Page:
Phillip Britt can barely keep up with everyone who wants to move to Robeson County.
Before the coronavirus pandemic, buyers had plenty of options, with about 400 homes for sale in the county at any given time, according to Britt, a Realtor. For the past several months, he said, the number has been more like 60 or 65.
Yes, the housing boom is indeed booming in rural southeastern North Carolina, which hasn’t experienced significant growth in decades.
“We used to not see it so much trickle into the smaller areas,” Britt said of the demand for homes. “However, we have this time around.”
Much of North Carolina is seeing an influx of people, including those who opted to leave crowded, expensive cities like New York and San Francisco during the pandemic. While the housing market is extra hot in the state’s biggest metro areas, including Charlotte and Raleigh, more potential homebuyers are also considering areas better known for corn fields and hog farms than residential developments.
Now, as low interest rates continue to drive demand, economic development leaders in N.C. counties along the South Carolina border are asking themselves an increasingly pressing question: How can they get more homes built?
“We’re begging for Realtors to find a builder to start building spec houses,” said Mark Ward, economic development director for Scotland County, home to about 36,000 people and roughly 45 miles southwest of Fayetteville.
(Unlike custom homes, in which buyers make many of the design decisions up front, spec houses are built using pre-set plans and are typically sold at a lower price).
One way to attract spec-home builders could be through public/private partnerships, according to Ward and Chuck Heustess, executive director of the nonprofit Bladen’s Bloomin’ Agri-Industrial group in Bladen County.
In more populated areas, roads and water and sewer lines might already be in place when developers and builders arrive. But that’s often not the case in rural communities, which means an extra expense.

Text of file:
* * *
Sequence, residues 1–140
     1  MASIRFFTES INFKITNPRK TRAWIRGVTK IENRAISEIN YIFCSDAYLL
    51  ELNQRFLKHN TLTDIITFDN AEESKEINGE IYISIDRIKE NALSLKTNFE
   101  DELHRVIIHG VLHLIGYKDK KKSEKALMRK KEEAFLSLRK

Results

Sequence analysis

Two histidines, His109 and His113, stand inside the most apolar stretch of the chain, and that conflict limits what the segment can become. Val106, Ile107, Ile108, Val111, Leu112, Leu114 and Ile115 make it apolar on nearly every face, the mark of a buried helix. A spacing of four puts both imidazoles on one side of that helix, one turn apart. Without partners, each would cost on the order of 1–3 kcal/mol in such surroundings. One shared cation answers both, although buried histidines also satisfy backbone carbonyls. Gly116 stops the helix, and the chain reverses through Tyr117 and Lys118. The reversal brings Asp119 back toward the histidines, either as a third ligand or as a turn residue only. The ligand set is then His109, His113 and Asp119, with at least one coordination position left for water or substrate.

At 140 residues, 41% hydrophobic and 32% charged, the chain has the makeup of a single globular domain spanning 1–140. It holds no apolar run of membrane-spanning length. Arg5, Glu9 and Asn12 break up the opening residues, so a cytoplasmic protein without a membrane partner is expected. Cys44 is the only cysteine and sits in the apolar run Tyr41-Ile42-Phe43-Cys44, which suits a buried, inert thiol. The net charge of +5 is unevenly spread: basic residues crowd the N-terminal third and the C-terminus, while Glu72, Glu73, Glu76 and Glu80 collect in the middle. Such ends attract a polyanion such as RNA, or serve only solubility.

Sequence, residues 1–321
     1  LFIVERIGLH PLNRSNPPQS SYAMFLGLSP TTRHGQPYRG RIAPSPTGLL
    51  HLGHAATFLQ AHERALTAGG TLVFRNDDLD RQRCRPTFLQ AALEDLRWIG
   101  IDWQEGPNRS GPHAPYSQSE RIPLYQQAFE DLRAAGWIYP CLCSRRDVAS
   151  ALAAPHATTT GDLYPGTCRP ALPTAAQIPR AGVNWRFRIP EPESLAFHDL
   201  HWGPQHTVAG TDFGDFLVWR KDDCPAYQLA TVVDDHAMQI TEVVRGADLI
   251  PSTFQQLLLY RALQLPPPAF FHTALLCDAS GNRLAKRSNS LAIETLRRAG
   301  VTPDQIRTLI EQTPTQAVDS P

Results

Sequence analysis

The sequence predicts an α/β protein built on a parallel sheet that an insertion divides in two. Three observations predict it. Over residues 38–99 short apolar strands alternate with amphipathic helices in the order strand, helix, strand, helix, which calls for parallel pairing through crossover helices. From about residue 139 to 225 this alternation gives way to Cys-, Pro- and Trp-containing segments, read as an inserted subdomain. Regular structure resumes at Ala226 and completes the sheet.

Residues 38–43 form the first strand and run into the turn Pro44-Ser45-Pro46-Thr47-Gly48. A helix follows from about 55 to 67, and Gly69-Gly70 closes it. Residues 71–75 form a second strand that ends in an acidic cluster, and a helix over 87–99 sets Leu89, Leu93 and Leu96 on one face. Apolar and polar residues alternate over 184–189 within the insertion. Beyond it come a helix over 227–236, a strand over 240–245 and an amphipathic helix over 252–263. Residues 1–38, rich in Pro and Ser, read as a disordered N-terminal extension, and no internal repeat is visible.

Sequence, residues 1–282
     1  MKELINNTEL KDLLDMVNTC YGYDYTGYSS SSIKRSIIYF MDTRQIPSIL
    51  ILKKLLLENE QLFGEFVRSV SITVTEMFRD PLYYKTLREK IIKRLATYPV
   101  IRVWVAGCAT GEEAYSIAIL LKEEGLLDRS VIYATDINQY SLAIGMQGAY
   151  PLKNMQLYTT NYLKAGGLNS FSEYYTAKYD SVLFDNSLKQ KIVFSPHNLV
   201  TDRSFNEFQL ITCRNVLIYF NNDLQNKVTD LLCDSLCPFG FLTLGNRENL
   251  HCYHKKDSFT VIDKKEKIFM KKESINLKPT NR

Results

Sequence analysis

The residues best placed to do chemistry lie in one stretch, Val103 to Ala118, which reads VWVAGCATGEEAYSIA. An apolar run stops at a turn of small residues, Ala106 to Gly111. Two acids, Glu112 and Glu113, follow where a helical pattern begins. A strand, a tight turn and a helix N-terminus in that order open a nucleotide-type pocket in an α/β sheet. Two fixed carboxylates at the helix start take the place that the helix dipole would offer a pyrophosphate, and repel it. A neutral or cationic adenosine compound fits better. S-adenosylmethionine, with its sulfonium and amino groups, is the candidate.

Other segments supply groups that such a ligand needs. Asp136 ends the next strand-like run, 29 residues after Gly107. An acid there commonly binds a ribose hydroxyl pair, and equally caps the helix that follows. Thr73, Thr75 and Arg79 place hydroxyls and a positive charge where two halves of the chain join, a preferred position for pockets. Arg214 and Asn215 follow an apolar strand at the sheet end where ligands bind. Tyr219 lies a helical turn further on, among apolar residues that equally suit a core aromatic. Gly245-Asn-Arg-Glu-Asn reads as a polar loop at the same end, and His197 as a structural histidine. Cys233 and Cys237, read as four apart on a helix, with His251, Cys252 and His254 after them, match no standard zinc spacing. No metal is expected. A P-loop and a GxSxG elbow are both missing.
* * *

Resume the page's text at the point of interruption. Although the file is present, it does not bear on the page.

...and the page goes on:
So maybe counties could use tax dollars to foot the bill for the infrastructure, Heustess said.
“If you can get those costs out of the way for the developers to where it’s more economically feasible for them and less risk for them, maybe we can get some of that housing in our area,” Heustess said.
In Scotland, Ward said, perhaps the county could buy the land for new homes, in addition to running water and sewer lines. The investment would be worth it, he added, because the new homes would increase the tax base.
But Shaun Gardner, owner of Precision Custom Homes in Fayetteville, said it might take more than financial incentives.
Gardner’s company is building homes in Deercroft, a gated golf-course community in the Scotland County town of Wagram. They’re selling for up to $320,000, he said, and he plans to build about 10 a year.
With the high cost of lumber and other building materials, Gardner said it makes more sense financially to build larger homes, such as those in Deercroft that are up to 2,600 square feet.
“It’s really hard to build smaller houses right now,” he said. “It’s almost impossible.”
But most importantly, Gardner said, builders need to feel confident that there is enough demand for spec houses.
“If somebody’s willing to take the risk, it could happen,” he said of reasonably priced housing developments in southeastern North Carolina. “Somebody’s going to have to be the first mover.”